Shortly after that episode, I made the trek back to Dr. P. in Pittsburgh. Audrey drove. I was still too weak to make the trip. I had pushed too hard for too long. CFSers know pushing too hard leads to crashes. Crashes mean the body quits. Muscles waste. Digestion slows. Joints ache. Muscles quake and are sore. For me, there is a fever, swollen glands, headaches. Dizziness. Virals rage. Heart rate jumps out of rhythm. There are many more symptoms, you can read them in My CFS journey (abridged) HERE. CFS pushes back with a vengeance when I push too hard.

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Lori 1, Lori 2 and I meet at the stadium to walk/run five miles.

By now, if you haven’t looked at Lori’s and my Instagram account (2girlsnotrunning) or the photos in this post, you may imagine me as a frail women, sitting in a dark room wrapped up in a blanket. Nothing could be further from the truth (unless it’s winter and I’m reading a book by the fire). I’m pretty active. I love to workout. Lori helps me be consistent and rest when I need to. I’m getting ahead of myself. Both Lori and I have a goal to be healthy which leads me to my first point. Healthy is a relative term.

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CASA Super Hero 5k (April 29th)  Fun time!

  1. Get healthier. Coming out the crash I spoke of above, my health could be summed up in negative numbers. After months of some strong anti-virals and adjusting some hormones, I began to work on getting healthier. I didn’t run a 5K or walk a mile. I went in my backyard and walked for five minutes. Then ten. All the while, I shook from the exertion. My muscles had wasted away. It took time to get them back. I couldn’t start where I had left off before the crash. I started over. I couldn’t compare myself to other’s or listen to fit women who told me to push harder. What was easy for them (going up and down stairs) was excruciating for me. For a long while, I could only do anything in fifteen minute increments before I needed to rest.

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    Lori and I conquer the city at the CASA Superhero 5K.
  2. Don’t measure your success based on someone else’s yardstick. When I started going to live PiYo class post last major crash, I couldn’t hold a plank to save my life. Instructor LeeAnne showed me modifications and encouraged me to keep coming. If I would have measured my success by her yardstick or someone else’s in the class, I would have quit. The first several months I went, I limited my activity the day after. I used that day to recover.I might take a short walk instead of a full blown workout. CFSer’s cells don’t recycle energy quickly. That leads to post-exertion crashes.  Find your starting point and work from there. Your yardstick may be at zero right now. Start at zero. If that means yard walking for five or ten minutes, celebrate that. Keep track of what you do and work up by increments. Don’t go from zero to P90x if you are a CFSer post crash (even if you could do it pre-crash). Your body needs time to recover. Start slow and small. Celebrate every victory. Build by small increments. One more minute. One more step. Listen to your body. A general rule is: if you feel the same or better the day after exercise (sore muscles excluded) then you can continue that exercise. If you feel worse, crashy, flu like symptoms, fever swollen glands, etc (whatever your tell is), you had better scale back.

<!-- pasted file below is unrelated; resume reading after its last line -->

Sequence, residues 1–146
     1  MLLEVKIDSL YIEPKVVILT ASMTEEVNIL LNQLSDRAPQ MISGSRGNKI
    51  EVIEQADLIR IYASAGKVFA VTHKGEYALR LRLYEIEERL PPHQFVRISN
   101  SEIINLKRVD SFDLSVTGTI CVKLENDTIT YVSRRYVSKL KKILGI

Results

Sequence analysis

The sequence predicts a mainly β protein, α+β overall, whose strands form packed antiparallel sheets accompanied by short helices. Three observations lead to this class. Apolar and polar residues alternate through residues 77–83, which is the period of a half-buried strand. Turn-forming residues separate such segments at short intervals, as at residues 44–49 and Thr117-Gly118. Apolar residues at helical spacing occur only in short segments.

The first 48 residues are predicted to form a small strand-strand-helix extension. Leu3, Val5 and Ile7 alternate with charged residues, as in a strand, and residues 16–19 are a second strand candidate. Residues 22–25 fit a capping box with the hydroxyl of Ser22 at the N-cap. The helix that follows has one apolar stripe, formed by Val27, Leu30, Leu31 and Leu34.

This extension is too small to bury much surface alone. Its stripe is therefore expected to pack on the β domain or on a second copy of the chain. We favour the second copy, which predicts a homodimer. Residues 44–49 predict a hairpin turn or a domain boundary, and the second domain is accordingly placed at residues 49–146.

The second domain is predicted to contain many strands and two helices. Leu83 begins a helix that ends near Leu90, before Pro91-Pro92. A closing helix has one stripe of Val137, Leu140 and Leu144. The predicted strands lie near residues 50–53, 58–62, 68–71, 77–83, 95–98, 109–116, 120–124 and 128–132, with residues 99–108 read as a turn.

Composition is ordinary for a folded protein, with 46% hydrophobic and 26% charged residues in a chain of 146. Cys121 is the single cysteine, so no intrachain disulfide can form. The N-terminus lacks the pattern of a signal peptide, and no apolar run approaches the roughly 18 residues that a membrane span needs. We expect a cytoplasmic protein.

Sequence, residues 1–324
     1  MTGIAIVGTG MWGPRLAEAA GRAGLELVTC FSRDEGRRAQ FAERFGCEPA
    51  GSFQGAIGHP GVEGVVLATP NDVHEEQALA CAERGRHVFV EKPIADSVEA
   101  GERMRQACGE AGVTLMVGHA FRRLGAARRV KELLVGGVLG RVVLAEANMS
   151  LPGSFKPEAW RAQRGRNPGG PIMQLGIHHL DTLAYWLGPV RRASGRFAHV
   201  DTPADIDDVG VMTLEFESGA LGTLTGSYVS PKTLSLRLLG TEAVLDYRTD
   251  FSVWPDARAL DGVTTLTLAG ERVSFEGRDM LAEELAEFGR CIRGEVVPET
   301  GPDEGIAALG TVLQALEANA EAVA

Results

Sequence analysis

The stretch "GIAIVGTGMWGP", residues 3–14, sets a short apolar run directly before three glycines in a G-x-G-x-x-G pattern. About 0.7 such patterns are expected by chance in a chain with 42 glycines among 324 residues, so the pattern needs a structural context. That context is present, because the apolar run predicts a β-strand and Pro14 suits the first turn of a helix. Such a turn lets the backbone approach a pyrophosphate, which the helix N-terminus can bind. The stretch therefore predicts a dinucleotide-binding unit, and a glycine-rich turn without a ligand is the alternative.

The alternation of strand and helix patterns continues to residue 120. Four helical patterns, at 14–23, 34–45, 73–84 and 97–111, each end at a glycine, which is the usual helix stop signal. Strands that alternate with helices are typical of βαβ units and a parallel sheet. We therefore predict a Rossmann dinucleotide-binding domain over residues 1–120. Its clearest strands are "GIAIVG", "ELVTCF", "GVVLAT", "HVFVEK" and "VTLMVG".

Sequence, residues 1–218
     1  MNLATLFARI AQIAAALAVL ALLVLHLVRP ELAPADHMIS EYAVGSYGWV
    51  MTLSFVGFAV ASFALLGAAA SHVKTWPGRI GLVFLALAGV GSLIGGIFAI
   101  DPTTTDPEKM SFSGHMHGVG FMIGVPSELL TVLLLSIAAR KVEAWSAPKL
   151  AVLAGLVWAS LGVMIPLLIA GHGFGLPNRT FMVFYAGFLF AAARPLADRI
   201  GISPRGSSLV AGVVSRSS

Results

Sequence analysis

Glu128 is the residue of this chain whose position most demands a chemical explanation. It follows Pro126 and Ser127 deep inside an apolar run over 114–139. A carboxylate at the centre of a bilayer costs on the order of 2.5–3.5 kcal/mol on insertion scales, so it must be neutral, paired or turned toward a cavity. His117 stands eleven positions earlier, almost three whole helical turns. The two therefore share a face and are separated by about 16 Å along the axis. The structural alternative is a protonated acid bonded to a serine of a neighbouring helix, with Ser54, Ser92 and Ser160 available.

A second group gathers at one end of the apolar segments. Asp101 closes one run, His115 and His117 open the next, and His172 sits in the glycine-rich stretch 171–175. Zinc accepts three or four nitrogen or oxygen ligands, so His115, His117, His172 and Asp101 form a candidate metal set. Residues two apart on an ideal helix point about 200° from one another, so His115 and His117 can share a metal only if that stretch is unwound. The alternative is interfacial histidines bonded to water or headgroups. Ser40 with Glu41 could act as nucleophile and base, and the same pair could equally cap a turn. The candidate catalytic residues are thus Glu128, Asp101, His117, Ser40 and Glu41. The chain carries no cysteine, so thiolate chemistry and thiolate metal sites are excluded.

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    Lori, my sister Anne and I survived  conquered another PiYo live class!
  3. Know YOUR body. Know YOUR limits. I’m not cured. I’ve read those posts and those books about people who say they have the key to my CFS recovery. One drink that washes it all away. One supplement that is a magic pill. I have had friends chase me down and offer me the drink that will ‘cure it all’. It doesn’t. It hasn’t. I do take lots of supplements that help balance me out and add some energy. I have asked Jesus to cure me a million times. I’ve been told by some in the ‘name it and claim it’ community never to say, “I have CFS”. I’ve tried pretending I don’t have it. It only slaps me in the face and I suffer the consequences. This may be the thorn in my side that I have to live with. Jesus has never left my side. He pulls me through the dark times. I haven’t had a major crash in several years. I still have mini ones and those are enough to quickly get me back on track. I love the tired feeling after a long hike. It’s different than the CFS tired. I know that NOW. I didn’t used to. My old habit was to push myself in every area, filling my calendar to overflowing and run it like a gauntlet. At the end of the week, I came out bruised and battered and in bed for a day or two or a week. I don’t do that (often) anymore. Knowing YOUR body is a HUGE key to a healthy life. I need a mid afternoon break every day. Sometimes that means a half hour nap. Other times, it means watching a show or reading a book. I can’t stay up late. I never have been able to. If I do, I pay the piper. What about you? Too much sugar send you over the edge (me)? Skipping meals mess with your blood sugar (I have to eat every two hours). You must get to know your body. It is telling you something? Eat . Drink. Sleep. In today’s fast pace culture, we’re told to Do. Do. Do. We’re doers instead of be-ers. I’m much more than a be-er now. By that I mean, I pay attention to my state of being. I keep my margins wide. I allow for rest days. Jesus and I have a calendar planning meeting every weekend. If I have too much going on, I cut back. I say no. I’m not afraid to reschedule with someone. In return, I live a pretty great life. Instead of crashing and burning, I plod along steadily and make readjustments along the way. I enjoy my life.
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    Lori, my daughter Ania and I

    *Just a note. Major crashes have taken me several years to recover from. Yes, you read that correctly. YEARS. I didn’t get back to a level of fitness that I could go to a class or participate in a 5K overnight. If you are a CFSer (even an un-diagnosed one) be kind to yourself. Don’t try to do to much too soon. Small increments of change make  a huge impact.